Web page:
December is National Identity Theft Awareness Month. For drivers, this is a strong reminder that you’re more at risk than folks in nearly every industry, for several reasons. For OTR drivers, being away from home often makes it possible for thieves to steal mail and then start to take over an identity. For OOs, there is a real risk given the sheer number of times an OO needs to give out his or her social security number, which can be used to create new lines of credit in a person’s name.
The examples above aren’t exactly cutting edge, with hackers (likely in hoodies) poring over the computer as they attempt to infiltrate the inner workings of a driver’s finances. Instead, they’re descriptions of common types of identity theft.
The FTC has an amazing set of resources to help prevent ID theft and identify whether you’re at risk. There are a few early indicators, including:
- Something strange on your credit report– AnnualCreditReport.com is a website built to allow individuals to see their credit reports from each of the three major credit bureaus once per year. It’s advisable to stagger uses, checking Experian, Equifax and TransUnion every four months, as opposed to all of the bureaus at once, since those organizations are supposed to share information. It’s a great resource for any individual whose bank doesn’t offer free credit reporting. “Something strange” can mean a lot of things to a lot of people, but the gist is that most folks will be able to explain anything they find on their report. If there is something that seems amiss, it’s important to investigate further. It might be as basic as a credit check for a cell phone provider you’re not actually a customer of. As the FTC says, consider placing a credit freeze or fraud alert with a bureau if you see anything out of the ordinary. This makes it so thieves can’t open new lines of credit in another person’s name.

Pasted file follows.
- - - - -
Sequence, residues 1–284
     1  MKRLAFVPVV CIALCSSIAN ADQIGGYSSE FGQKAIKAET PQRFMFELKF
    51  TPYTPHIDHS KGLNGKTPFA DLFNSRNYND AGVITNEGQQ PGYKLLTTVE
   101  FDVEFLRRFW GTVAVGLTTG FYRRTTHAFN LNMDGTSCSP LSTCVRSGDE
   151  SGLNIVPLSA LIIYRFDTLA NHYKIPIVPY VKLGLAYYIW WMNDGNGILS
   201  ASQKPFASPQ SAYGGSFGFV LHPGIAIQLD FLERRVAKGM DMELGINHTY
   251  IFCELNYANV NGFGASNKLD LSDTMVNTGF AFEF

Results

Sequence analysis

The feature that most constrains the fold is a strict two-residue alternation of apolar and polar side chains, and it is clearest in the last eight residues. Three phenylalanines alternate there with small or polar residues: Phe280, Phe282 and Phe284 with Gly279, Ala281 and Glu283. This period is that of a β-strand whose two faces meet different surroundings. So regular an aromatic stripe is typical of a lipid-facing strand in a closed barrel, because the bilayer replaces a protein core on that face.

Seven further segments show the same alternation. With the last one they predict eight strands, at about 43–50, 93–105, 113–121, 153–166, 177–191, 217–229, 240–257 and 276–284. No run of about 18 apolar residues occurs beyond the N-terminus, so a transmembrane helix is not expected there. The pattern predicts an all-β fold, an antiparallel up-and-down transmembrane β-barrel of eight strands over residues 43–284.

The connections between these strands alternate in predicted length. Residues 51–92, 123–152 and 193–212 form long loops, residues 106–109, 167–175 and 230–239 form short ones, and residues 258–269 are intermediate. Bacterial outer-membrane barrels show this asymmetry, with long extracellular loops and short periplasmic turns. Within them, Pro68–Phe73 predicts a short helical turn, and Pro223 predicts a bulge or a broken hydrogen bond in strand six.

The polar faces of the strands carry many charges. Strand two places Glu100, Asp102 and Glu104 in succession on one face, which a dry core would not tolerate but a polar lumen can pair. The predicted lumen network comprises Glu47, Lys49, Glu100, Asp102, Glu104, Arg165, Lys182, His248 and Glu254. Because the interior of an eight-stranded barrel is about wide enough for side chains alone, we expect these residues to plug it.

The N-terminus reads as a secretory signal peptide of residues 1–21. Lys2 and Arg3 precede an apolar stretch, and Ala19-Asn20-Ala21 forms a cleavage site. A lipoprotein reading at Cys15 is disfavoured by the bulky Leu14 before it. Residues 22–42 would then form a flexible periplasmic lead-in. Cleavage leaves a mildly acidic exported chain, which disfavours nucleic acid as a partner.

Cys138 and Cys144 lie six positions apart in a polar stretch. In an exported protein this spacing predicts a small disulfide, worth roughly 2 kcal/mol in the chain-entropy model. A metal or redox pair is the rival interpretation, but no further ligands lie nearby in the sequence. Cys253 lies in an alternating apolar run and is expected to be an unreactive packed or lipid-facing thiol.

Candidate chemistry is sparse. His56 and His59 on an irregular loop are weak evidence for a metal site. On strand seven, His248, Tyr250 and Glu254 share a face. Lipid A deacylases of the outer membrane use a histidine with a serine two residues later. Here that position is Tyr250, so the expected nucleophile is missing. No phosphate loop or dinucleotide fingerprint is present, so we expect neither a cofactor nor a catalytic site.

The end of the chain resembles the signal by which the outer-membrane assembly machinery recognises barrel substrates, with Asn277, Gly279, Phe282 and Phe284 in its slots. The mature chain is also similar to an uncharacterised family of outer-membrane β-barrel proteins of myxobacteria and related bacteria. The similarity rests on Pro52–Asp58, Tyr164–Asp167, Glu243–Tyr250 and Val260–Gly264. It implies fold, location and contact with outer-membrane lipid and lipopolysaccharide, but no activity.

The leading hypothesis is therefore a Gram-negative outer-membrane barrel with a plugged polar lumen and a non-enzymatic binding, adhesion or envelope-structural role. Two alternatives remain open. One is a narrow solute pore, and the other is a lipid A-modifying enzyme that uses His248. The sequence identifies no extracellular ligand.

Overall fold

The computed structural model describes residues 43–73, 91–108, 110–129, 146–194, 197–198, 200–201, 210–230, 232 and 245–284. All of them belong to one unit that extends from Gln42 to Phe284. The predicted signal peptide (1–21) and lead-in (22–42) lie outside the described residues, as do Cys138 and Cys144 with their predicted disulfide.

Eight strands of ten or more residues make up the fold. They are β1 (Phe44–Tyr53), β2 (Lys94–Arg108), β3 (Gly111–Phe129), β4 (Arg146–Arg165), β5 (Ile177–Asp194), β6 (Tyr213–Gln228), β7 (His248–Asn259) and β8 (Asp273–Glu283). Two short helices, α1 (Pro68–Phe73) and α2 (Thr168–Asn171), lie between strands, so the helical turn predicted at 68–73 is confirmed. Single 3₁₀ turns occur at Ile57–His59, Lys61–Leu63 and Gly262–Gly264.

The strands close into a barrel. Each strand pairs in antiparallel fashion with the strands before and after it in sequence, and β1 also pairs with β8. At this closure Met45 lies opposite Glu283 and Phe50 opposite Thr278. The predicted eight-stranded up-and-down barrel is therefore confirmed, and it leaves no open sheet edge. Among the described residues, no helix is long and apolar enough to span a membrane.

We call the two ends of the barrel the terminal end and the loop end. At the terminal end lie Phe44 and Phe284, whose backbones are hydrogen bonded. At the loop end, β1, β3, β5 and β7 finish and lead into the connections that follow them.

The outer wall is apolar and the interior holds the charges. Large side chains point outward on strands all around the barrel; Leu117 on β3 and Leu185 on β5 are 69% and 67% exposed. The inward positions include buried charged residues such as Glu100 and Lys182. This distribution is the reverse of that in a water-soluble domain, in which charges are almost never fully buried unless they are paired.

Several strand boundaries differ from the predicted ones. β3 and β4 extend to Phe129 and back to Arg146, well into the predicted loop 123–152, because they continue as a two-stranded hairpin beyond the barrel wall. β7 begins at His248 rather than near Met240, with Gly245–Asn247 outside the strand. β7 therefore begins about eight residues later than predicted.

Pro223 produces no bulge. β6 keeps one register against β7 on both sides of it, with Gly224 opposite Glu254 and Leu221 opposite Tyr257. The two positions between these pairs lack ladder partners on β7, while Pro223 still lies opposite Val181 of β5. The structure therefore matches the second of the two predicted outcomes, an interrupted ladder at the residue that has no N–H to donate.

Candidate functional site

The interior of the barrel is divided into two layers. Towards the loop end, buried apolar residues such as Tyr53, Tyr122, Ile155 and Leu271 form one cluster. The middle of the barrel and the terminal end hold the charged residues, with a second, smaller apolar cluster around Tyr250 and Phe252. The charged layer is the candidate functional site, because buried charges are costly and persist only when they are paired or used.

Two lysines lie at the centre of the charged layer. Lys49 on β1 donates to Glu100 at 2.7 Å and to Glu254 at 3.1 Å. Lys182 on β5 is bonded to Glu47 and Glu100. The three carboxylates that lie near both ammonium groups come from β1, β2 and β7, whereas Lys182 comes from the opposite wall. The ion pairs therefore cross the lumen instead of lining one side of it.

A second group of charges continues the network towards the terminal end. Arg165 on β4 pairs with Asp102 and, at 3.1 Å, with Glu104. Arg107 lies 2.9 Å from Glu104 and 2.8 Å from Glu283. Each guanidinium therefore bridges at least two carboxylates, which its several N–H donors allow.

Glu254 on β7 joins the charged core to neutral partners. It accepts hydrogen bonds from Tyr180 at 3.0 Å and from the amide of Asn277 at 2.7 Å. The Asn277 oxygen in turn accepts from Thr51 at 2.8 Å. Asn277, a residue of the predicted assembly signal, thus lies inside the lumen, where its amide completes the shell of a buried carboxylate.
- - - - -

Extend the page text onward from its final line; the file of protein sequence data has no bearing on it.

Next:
- Bills not arriving on time (or at all)– For individuals who prefer paper bills to paperless billing, it can be an early warning sign if specific bills stop arriving. With the information in a cell phone bill (phone number, physical address, etc), thieves can start to take over a person’s identity. For drivers on the road a lot, leaving their mail in the mailbox can present a tremendous risk. An obvious workaround here is to have a neighbor or friend pick up your mail while you’re hauling, but a significant percentage of ID theft and ID fraud is committed by people who know the victim. In times of crisis, like a pandemic, typically good people’s motivations can change, so switching to electronic billing is an excellent way to stay safer.
- Bills you don’t expect start to arrive– Perhaps the most scary indicator of ID theft is when bills start to arrive that a person doesn’t recognize. Maybe it’s something simple, like a cell phone bill or a credit card statement. It can also be bills from a doctor’s office, indicating that medical ID Theft has occurred. In this instance, a thief has used someone else’s insurance to cover their medical expenses, leaving the victim to pay whatever outstanding balance is left. If you start to see bills coming in (or you receive unexpected calls from a collections agency), it can be a sign that something is wrong.
If any of the red flags above apply to you, we’d encourage you to visit https://www.identitytheft.gov, a website built by the FTC to help victims overcome the issues they’ll face.
Our team ends many of our conversations with drivers with some version of “stay safe out there.” As we enter National Identity Theft Awareness Month, we mean it in more ways than one.
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